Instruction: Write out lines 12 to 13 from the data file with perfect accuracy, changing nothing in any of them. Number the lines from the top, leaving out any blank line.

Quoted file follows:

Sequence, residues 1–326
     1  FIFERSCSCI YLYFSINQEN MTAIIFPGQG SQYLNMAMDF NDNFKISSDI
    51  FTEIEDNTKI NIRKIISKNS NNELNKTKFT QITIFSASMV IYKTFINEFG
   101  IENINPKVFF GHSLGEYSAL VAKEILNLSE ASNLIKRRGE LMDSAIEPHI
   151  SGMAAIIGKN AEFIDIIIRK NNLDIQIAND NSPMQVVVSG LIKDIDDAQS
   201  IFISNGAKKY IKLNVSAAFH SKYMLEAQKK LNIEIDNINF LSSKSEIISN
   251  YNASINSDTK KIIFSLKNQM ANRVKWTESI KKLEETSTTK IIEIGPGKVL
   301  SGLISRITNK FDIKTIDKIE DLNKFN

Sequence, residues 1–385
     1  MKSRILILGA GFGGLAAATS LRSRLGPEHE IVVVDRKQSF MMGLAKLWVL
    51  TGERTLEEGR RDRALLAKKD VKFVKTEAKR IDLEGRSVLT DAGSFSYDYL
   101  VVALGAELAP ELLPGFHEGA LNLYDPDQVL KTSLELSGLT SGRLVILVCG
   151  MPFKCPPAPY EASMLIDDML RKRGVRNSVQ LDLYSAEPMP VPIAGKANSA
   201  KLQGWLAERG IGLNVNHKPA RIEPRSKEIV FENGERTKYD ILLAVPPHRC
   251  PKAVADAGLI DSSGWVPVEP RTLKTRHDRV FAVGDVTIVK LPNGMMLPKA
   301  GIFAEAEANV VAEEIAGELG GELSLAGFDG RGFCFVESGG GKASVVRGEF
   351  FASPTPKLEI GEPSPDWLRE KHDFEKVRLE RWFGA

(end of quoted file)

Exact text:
   101  VVALGAELAP ELLPGFHEGA LNLYDPDQVL KTSLELSGLT SGRLVILVCG
   151  MPFKCPPAPY EASMLIDDML RKRGVRNSVQ LDLYSAEPMP VPIAGKANSA